Borrowing Earth

“I know we've come a long way…”

Dateline: Our Blue Playing Field

“Ethics is doing the right thing when no one is looking.”

Gene Gilliland

B.A.S.S. Conservation Director

We live, on a gift.

Don’t believe me, look around.

71% of this rock in space we live on is covered in blue.


Look around, we have yet to find a planet like it in the universe. Sounds like a gift to me.

Dinosaur cocktails.

The amount of water on earth pretty much stays the same; we are drinking the same water that Tyrannosaurus Rex did.

Sweet Water.

I call Fresh Water, Sweet Water because it is special. Only 3% of the water on this planet is Fresh Water, and almost 70% of that is all frozed up in glaciers.

“No question, water is the most valuable material on Earth.”

 Gene Gilliland

We play another team in this game we play, this tournament bass fishing sport. Their uniforms are green, their uniforms are brown, some large, some small, but they are another team.

Team Bass.

Without that other team, we have no game. Bass is pretty much the most important part of the Bass(masters) thing.

Trust me, we need the bass more than they need us.

“You practice conservation because it is the right thing to do.”

Gene Gilliland

Come with me, meet in person the conservation guy of B.A.S.S, Gene Gilliland.


“…we're changing…”


We are at lunch and Gene is on his iPhone looking at maps, trying to find out the name of the stream that runs alongside the outdoor patio of the restaurant.

“Hello, welcome to Curley’s, may I get you something to drink.”

Gene is using his two fingers to make the map on the phone bigger, so I order first, “Root beer, please.”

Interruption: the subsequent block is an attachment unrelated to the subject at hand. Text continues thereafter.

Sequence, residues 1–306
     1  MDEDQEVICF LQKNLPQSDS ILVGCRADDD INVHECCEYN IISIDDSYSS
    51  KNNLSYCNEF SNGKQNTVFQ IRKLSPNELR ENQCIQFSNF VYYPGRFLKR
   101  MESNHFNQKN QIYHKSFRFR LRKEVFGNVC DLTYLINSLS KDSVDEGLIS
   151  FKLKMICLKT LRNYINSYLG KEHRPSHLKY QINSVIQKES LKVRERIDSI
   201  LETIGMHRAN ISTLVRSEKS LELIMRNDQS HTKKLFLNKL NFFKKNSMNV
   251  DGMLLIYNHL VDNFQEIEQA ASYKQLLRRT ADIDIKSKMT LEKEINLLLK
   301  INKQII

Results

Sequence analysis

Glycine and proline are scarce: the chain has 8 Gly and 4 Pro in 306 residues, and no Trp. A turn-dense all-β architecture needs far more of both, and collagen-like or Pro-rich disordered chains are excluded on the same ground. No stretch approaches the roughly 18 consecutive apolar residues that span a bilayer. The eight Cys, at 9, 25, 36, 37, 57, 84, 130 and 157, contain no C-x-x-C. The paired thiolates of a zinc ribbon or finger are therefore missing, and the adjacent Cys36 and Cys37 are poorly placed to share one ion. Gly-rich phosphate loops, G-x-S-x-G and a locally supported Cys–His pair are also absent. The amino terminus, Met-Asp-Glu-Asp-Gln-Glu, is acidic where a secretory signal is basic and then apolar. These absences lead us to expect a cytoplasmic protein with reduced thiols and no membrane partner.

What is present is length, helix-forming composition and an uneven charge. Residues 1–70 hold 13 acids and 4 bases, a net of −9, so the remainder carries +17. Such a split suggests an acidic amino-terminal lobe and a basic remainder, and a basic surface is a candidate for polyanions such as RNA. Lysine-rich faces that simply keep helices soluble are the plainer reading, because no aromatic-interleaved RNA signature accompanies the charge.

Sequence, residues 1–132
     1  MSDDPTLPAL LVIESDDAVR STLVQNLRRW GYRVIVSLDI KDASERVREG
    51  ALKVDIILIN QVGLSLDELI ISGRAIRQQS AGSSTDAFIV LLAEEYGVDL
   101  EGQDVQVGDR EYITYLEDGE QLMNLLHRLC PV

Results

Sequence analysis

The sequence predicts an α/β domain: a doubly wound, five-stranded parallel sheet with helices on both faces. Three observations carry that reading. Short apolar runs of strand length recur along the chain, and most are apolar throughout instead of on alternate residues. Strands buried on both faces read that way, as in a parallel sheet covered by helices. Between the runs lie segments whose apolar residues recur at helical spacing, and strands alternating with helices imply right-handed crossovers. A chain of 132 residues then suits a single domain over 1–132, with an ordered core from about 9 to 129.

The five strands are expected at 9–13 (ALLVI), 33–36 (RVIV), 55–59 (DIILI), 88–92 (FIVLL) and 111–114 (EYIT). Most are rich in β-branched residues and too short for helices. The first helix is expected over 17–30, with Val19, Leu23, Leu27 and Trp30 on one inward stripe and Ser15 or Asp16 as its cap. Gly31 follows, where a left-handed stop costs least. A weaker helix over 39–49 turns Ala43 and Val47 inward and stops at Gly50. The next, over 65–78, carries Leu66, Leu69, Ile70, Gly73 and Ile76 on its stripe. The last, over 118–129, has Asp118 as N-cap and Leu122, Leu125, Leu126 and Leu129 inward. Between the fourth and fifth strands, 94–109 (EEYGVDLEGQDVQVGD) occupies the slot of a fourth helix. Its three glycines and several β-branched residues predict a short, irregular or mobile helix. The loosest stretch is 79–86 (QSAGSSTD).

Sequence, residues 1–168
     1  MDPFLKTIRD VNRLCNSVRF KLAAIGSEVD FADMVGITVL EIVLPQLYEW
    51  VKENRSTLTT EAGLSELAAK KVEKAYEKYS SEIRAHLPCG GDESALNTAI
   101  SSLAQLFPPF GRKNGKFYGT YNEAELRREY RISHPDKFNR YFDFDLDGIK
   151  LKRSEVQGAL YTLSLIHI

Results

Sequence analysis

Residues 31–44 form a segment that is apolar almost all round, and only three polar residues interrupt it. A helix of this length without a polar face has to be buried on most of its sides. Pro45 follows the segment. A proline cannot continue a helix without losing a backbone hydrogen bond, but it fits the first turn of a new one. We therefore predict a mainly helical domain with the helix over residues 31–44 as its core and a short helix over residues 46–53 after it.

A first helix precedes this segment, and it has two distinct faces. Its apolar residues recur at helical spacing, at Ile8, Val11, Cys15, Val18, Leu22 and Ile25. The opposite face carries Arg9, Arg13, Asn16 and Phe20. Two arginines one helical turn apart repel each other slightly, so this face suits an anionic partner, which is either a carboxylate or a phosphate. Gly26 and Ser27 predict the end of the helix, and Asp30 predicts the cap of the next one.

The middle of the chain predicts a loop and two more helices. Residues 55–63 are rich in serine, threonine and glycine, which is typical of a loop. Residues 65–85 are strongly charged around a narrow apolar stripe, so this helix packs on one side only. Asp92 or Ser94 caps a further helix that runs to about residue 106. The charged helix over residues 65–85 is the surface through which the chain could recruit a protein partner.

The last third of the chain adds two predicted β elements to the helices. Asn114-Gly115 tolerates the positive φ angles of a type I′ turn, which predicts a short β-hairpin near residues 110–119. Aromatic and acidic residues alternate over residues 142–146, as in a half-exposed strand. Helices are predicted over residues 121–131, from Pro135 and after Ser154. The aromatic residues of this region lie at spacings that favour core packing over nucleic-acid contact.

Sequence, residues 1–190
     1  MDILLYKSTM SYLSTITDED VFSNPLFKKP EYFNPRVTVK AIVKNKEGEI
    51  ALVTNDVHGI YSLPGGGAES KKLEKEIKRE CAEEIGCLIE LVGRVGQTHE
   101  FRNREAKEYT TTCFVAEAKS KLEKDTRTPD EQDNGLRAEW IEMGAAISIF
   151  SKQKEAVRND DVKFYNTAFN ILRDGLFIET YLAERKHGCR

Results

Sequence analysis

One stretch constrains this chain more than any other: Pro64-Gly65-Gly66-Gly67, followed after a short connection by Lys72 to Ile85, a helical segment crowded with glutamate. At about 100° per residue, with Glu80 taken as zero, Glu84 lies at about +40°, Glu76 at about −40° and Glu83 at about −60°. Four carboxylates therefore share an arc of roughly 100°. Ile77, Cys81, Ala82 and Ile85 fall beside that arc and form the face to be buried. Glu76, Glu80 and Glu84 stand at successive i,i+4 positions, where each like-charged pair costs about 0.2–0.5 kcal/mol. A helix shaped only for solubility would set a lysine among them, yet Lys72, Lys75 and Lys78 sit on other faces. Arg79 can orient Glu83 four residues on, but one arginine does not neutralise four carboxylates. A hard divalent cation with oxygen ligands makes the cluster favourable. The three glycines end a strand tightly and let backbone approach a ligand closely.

“And sir…”

Gene looks up and says, “Water, just water.”

And I can’t help but to smile. The fish biologist sipping water on the rocks.

Let me give you some background on Gene. He’s still kind of new to us as Conservation Director at B.A.S.S., been here just shy of nine months. But then not so much new, “I wrote the Bass Biology column in B.A.S.S. Times for 15 years, db.”

For 32 years Gene was a fish research biologist in the Oklahoma Department of Wildlife Conservation. “It was the only job I ever had, got hired right out of school, and stayed.”

“School,” was a Bachelor of Science degree from Texas A&M, master's degree from Oklahoma State in fish biology. “I’m also a bass tournament angler, not a good one, but I also fish tournaments.”

Gene begins sentences looking at me, ends them looking at the stream. “db, I don’t want you to make this story about me, OK.”

I grunt something back, a grunt isn’t a lie.  This story has to be about Gene because Gene is all about conservation.

“A conservation director, db, is an ethical sort of job. You do it because it is the right thing to do, it’s a chain of life thing.”

I dip a mild chicken wing into some white stuff that may have been blue cheese at one point. “What is conservation man,” and then I bite into the wing and wait for the answer.

“Conservation is the wise use of a resource so you can perpetuate that resource. Catch and release can recycle the fish, but you need a healthy environment to begin with or the fish will die anyways.”

As Gene pours more water onto his ice, let me take a break here and give you some background on us, the Bassmaster Elites, and water.

In 2014 we have fished on some six “lakes” and two rivers. When you look at the lakes we have fished, you’ll find that we have used, in total, 598 square miles of lake water.

Dudes, that is the same size, square mile-ish, as the island of Oahu in Hawaii, the third largest Hawaiian island, the island where Honolulu is located.

As I’m about to double dip, Gene answers a question I didn’t ask. “You need someone in the company to champion the cause of the fish.”


 “…day to day…”


As I chew, Gene looks at me and says, “We have released 98% of the fish we caught. I can’t at this point say that all 98% survive long term, but I can say that about 75% of those fish we release do survive, and we are getting better all the time.”